Help for open/polyamorous relationships
”If you love someone, set them free.” -Sting
For many people, an open relationship can be the most anxiety-provoking thing in the world. For many others it is an alluring thought. For the last 6 years, I have counselled people in various open relationship constellations from swingers to polyamarous people. As the sex and relationships columnist for Denmark’s largest swinger site, www.swingeren.dk, I have replied to many mails about difficult dilemmas about life in open and polyamarous relationships.
Not for everybody
Open and polyamarous relationships are not for everybody. Not everybody is able to live this way. Regardless of what you choose – a monogamous, a polyamorous, a swinger or a monogamish relationship – you should always make this choice consciously and without being afraid to hear your partner’s wishes and dreams. These are not “once-and-for-all” choices, but choices that are ongoing as your relationship grows and develops. Romantic relationships, regardless of type, demand that we regularly check in with each other about our dreams and desires, so that we can adapt to the new circumstances where necessary and if possible. The conversations we need to have about these matters can be difficult and they make us feel vulnerable, and a therapist can help with this process.
”Don’t be satisfied with stories, how things have gone with others, unfold your
(Jalaluddin Rumi 1207-1273)
Jealousy is natural
Jealousy is a natural feeling in any romantic relationship and shouldn’t be hidden away. However, jealousy isn’t just jealousy. It is a feeling that together, in a safe space, we can work to minimise. It is often the case that where our confidence and trust in our partner increases, our feelings of jealousy decrease. A little jealousy is completely normal in any relationship, but if it goes unchecked, it can grow and become destructive. Therefore, working on trust is the most effective cure for jealousy. Identifying what exactly causes the distrust in the relationship can be a longer process. It requires honest and open communication, but it is a process that brings you closer to each other and strengthens the relationship. When we work on our self-esteem and self-worth in other areas of our lives, jealousy tends to decrease. Even in the most well-functioning relationship, a little jealousy can exist, but it need not be threatening once you have the tools to deal with it.
Trust and Honesty
How do we ensure that an open relationship thrives? Most people in open/poly relationships would agree that the statement “out of sight, out of mind” does not work. Our imaginations are often busy working on filling in the holes with all kinds of unhelpful imaginings unless we talk about what is going on. What we imagine is going on is often much less scary than the reality. That is why working on an open relationship is an ongoing process to create honesty between you and transparency in the relationship. Choosing honesty and transparency is a choice that can initially feel painful and far too confrontational. However, it can be deeply rewarding for the relationship in the long run, even it takes some time to arrive at that point.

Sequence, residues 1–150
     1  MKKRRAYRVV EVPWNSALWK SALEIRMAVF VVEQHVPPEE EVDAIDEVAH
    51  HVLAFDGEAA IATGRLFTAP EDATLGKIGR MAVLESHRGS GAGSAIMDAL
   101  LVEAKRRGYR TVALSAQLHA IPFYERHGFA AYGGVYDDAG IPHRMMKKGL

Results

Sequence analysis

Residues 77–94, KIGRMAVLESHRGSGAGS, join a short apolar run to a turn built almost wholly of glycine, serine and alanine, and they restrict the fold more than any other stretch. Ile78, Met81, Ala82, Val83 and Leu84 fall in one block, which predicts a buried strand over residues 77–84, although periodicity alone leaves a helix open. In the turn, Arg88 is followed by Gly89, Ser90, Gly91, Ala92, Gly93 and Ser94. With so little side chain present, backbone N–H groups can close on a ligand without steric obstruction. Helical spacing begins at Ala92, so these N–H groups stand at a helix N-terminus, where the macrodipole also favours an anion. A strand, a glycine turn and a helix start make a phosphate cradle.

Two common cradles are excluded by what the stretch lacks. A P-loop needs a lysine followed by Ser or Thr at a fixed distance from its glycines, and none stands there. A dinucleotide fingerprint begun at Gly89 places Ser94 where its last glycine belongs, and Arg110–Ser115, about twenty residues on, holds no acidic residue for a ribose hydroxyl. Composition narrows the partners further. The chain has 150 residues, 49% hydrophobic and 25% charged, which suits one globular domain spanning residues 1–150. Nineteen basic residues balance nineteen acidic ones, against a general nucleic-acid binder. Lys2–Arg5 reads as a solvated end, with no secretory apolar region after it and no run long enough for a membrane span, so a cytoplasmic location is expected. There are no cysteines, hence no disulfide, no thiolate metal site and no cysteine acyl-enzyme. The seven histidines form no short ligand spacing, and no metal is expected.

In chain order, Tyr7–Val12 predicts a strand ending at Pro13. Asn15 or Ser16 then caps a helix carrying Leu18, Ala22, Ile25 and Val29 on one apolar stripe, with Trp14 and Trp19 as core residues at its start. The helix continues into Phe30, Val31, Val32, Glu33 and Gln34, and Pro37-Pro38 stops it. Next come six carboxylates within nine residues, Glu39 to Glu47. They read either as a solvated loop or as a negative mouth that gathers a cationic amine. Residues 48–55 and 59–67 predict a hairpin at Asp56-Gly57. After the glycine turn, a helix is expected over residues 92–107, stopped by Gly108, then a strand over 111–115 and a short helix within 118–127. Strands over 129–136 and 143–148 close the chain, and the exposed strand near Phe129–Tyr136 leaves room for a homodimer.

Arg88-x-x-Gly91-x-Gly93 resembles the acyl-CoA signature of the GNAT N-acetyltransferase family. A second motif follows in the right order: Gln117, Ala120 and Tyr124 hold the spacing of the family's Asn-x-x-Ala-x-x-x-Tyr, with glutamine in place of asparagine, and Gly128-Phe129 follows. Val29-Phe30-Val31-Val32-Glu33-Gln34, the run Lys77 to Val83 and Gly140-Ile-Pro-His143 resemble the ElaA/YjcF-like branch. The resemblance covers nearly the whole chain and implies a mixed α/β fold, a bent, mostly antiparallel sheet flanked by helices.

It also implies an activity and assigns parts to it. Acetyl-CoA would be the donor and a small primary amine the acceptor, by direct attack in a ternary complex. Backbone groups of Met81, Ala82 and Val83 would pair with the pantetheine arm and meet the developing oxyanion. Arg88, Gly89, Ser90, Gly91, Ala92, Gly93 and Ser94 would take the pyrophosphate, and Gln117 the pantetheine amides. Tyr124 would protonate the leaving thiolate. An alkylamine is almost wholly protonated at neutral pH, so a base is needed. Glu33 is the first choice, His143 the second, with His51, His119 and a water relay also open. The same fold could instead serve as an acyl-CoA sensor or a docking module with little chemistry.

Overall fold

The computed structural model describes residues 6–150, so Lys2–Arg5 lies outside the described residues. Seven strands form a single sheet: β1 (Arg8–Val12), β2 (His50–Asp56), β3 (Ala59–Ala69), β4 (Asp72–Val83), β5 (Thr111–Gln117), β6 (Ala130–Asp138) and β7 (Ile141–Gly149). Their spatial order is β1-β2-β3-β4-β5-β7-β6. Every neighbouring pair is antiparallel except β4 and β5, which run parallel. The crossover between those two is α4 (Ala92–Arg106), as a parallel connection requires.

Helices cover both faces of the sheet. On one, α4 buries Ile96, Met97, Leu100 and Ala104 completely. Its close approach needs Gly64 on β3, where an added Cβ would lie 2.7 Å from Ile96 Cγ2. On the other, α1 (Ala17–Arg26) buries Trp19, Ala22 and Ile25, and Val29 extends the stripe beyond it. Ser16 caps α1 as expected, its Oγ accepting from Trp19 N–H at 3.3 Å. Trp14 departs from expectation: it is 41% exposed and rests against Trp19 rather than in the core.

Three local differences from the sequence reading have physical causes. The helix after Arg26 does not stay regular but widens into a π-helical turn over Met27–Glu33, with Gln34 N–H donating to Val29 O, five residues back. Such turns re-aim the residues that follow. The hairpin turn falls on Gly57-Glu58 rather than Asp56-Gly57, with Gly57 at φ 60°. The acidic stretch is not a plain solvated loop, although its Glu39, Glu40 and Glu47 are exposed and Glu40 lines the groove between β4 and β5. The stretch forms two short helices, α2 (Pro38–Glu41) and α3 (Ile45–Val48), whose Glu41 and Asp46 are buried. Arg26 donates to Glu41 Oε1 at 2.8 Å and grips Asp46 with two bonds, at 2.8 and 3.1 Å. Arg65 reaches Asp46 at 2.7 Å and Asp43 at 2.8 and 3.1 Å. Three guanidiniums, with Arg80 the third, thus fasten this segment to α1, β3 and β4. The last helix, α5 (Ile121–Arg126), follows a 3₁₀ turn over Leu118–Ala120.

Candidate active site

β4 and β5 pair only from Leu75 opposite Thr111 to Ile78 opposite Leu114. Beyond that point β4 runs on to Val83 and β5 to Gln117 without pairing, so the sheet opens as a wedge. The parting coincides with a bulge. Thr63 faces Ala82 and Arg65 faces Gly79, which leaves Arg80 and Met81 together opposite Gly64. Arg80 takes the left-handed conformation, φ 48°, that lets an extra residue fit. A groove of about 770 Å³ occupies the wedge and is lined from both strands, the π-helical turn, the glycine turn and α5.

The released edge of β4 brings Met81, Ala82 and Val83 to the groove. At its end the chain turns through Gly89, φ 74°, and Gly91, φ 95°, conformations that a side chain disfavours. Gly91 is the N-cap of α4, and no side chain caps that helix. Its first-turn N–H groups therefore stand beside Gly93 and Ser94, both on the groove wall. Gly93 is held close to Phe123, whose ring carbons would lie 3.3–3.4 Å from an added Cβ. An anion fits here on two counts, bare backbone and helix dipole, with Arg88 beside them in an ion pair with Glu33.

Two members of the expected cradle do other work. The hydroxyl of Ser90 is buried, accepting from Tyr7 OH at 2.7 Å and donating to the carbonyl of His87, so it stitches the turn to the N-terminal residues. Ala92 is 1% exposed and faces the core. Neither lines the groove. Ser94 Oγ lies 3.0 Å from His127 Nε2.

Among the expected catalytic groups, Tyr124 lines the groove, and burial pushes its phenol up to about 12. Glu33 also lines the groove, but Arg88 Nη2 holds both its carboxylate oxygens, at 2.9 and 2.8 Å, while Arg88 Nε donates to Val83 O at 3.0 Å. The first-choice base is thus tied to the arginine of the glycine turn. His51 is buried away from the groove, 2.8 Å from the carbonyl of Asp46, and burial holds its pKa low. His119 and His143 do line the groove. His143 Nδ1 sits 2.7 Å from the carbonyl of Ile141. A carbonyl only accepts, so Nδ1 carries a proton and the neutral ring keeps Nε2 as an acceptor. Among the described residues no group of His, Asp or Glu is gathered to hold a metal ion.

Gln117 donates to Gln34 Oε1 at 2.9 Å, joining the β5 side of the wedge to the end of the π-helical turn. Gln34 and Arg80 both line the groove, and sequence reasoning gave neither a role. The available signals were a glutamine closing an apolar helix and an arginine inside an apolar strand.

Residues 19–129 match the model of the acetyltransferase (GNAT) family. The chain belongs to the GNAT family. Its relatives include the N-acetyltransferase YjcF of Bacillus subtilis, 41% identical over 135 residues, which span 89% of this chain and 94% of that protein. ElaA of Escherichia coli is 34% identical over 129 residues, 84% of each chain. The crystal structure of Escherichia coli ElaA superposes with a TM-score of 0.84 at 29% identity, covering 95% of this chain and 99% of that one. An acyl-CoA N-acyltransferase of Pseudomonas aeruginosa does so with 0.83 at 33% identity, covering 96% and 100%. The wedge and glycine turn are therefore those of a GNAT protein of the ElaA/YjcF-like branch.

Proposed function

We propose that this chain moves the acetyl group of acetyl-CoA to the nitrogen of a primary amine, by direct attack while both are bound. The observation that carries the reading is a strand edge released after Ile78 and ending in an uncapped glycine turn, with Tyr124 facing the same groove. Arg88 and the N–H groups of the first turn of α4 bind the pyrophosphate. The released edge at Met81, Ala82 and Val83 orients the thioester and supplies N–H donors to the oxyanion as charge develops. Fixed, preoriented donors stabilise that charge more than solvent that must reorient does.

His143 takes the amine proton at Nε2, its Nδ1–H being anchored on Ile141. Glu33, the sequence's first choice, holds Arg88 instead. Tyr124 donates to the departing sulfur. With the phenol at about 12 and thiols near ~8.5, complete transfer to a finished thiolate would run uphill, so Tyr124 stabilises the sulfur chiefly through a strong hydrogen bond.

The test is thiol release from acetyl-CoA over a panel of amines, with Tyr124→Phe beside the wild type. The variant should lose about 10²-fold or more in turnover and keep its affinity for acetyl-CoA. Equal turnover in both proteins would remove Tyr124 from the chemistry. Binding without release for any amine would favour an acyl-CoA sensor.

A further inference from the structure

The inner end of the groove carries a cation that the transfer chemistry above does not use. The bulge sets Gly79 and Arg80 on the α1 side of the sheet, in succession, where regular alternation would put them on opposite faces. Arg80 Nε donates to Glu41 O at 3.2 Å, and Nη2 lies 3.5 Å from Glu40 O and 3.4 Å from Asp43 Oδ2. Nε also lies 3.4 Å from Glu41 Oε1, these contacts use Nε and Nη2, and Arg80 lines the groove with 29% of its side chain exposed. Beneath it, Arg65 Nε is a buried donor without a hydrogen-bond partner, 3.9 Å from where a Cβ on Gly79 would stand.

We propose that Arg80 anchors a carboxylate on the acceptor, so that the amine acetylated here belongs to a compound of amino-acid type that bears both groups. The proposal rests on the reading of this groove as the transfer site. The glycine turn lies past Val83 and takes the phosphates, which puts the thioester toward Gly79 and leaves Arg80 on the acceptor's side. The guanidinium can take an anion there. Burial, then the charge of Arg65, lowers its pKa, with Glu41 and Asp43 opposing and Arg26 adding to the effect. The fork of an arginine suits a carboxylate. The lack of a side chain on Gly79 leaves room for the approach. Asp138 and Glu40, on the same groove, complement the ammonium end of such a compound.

Where do you start?
Do you share the same dreams? And where do you start? Do you just jump straight into the deep end or do you ease yourself into it with small, gradual steps? Where do you find partners (if you have not found one already)? Should you perhaps start by sharing each other instead of going to your own separate partners? Starting with a dialogue about one’s desires, and the practicalities and logistics of achieving those, is the best starting point for creating a strong foundation.
Watch the video on open relationships here: (forthcoming)
The established open relationship that has hit a rock
Perhaps you are already established in an open/polyamorous relationship, you’re your best laid plans have hit a rock and you find yourselves in a painful situation. Maybe one of you is enjoying your new “open” status and the other is finding it very difficult. Perhaps one of you has a lot of partners and the other has none. What do you do? Maybe the one of you has developed feelings for their lover while the other just isn’t ready for that. I have a wealth of experience in getting couples back on track, and to a place of safety and trust, so that the relationship does not have to end. Often it is relatively small adjustments that have to be made in order to re-establish trust and safety in your relationship. I can help you find out what those adjustments are for you.
Many people in open relationships also experiment with so-called alternative sexual practices. I often counsel people and couples in the areas of kink and BDSM, particularly in terms of agreements, communication, boundaries/limits, consent etc.
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SMS: +45 28937410